Tennis strings - multifilament, monofilament: the ultimate fight

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Many tennis players think that a string only has a small impact on the game.
A little more comfort in multifilament, versus better durability in polyester, and that's it.
Well, no.

I. The key characteristics of the strings

Let's start by detailing the key features of a string. Strings have an impact on your performance and the health of your arm. If you feel recurring pain or have trouble keeping ball depth, a better choice of strings can help you sort it out. Here are different qualities of a string to have in mind:

  • Power:

The power of your shots is strongly impacted by the type of string you use. The speed of the ball is the result of what is called the trampoline effect: when the ball comes into contact with the racquet, it is deformed by penetrating the strings, then returns to its original shape. The ball will sink further into softer strings and, in return, the restored energy will be all the more important. There is a big difference between flexible strings (multifilament type) and stiff strings (polyester type), which will have different results in terms of energy restored.

In a similar logic, the lower the tension of the string, the greater the trampoline effect and the energy restored. On the other hand, the risk of loss of control increases.

  • Control:

What good is power without control? In order to choose your string, it is essential to find the right balance between the two. In contrast to the power, we will get more control with a more stiff string, limiting the trampoline effect. The ball stays in contact with the racquet longer, and the player masters his shot better  ... which leads to a loss of power.

It is the same effect for a string whose tension is high: the control is maximized.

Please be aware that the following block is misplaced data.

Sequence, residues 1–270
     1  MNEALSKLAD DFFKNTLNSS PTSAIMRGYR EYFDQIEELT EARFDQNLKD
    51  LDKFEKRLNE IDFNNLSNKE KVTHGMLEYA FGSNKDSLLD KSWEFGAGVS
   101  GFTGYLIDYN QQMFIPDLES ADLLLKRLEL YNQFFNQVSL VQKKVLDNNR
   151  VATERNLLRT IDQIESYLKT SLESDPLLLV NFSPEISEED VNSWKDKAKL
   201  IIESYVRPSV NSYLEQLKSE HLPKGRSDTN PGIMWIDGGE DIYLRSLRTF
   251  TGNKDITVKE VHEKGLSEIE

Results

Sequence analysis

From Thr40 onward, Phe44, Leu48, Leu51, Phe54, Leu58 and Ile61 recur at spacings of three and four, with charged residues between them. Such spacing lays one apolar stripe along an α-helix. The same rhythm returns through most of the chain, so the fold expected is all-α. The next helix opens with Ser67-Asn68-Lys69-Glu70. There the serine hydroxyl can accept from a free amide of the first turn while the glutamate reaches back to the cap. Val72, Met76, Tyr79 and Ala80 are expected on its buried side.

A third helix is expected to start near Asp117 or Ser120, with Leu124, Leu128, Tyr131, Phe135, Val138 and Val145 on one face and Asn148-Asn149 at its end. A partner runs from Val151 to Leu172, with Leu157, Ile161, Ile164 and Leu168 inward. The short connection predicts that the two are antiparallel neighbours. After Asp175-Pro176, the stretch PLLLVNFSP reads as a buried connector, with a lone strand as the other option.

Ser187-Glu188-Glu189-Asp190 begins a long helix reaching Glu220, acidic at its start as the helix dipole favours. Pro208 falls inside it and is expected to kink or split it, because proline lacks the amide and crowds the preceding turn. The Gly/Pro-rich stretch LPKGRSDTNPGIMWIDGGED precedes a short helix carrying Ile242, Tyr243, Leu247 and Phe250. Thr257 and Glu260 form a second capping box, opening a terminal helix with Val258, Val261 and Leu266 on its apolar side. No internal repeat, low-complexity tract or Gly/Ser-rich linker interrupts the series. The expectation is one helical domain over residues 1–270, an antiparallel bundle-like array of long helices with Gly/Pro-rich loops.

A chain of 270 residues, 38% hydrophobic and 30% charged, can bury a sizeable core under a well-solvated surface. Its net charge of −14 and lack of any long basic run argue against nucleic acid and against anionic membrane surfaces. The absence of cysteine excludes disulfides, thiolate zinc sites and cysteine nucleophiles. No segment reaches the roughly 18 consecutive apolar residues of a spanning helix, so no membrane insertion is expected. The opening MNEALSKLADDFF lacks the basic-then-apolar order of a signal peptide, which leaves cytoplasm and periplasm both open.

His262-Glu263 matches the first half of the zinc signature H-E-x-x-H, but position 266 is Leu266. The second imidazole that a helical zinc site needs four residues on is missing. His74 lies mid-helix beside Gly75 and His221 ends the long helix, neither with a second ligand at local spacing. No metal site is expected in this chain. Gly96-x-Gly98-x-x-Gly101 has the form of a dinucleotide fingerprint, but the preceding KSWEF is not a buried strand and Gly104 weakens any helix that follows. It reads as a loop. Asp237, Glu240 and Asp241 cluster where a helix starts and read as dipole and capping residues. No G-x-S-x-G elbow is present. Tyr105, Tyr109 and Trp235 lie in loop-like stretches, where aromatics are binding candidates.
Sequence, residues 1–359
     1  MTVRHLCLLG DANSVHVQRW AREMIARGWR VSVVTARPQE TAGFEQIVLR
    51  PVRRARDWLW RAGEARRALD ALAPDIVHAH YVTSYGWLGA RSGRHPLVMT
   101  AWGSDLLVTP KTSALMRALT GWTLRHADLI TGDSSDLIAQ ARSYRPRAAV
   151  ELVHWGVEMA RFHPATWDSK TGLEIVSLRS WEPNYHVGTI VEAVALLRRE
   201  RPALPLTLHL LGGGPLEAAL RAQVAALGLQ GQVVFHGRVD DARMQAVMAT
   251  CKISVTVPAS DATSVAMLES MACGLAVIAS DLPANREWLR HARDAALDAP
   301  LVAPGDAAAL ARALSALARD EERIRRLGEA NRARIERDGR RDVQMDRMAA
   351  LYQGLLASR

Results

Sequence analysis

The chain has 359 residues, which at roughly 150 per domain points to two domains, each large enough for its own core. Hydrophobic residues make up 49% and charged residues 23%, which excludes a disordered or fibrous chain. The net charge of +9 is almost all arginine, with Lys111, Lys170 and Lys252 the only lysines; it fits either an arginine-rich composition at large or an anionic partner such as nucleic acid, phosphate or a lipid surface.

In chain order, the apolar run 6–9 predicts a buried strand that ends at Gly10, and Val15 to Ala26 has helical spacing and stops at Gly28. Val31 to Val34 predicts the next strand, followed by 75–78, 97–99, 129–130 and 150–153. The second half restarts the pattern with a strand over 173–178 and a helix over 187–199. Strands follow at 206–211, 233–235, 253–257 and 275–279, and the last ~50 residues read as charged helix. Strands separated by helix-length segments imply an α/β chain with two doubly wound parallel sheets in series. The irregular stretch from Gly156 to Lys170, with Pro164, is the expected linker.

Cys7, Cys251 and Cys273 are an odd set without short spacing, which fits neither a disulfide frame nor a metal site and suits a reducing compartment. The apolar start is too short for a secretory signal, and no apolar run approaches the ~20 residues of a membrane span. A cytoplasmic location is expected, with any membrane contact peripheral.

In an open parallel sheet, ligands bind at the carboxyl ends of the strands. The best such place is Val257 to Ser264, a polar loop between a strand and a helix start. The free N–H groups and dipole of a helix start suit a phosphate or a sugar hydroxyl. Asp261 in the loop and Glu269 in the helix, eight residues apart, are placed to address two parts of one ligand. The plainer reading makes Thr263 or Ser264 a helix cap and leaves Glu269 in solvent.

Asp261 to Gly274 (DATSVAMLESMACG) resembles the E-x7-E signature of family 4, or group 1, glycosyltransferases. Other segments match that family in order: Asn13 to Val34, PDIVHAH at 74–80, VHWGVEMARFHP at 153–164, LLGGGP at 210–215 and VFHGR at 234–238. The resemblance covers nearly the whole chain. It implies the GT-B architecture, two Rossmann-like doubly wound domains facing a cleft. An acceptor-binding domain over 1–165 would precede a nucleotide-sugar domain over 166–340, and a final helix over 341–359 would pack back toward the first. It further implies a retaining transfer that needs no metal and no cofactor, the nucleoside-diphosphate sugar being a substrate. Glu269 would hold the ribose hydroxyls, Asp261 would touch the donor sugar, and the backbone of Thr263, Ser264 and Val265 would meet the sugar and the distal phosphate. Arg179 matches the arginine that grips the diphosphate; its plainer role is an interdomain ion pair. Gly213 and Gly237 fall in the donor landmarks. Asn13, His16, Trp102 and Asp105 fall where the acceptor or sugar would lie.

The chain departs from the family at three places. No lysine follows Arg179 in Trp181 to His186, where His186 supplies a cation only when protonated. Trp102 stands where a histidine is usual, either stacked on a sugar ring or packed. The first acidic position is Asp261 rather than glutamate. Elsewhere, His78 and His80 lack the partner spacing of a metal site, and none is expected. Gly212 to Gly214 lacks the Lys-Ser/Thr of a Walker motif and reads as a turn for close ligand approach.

• Comfort

Besides power and control, it is also necessary to take into account the comfort of the string. The flexible ones, which generate a lot of power thanks to a larger trampoline effect, are also more comfortable. The comfort of the string is due to the reduced vibrations from the impact of the ball ... which is less traumatic for the forearm. Stiff strings, preferable for more control, are also more traumatic for the muscles.

  • Durability:

Another important element for tennis players when choosing strings is durability. The strings eventually break with time, but some break much faster than others. For example, natural gut, more expensive, certainly offers incomparable power but is also the least resistant. On the other hand, polyester monofilament strings are the most resistant.

  • Gauge:

Another key factor in the choice of the string: the gauge. The gauge is the diameter, in millimeters, of the string. The lower the gauge, the stronger the string, since the trampoline effect is maximized; we also associate with a weak gauge a better touch. However, with a larger gauge, the string is more control-oriented and, more importantly, is more resistant.

  • Tensions:

Let's finish with a capital element in tennis: the tension. As mentioned earlier, the higher the tension, the more control you get; the lower the tension, the greater the trampoline effect and the stronger the string. We will come back to this point later ... in the meantime, if you are advised to test several strings and several tensions, be careful not to go too far in extreme under penalty of playing with an uncontrollable racquet!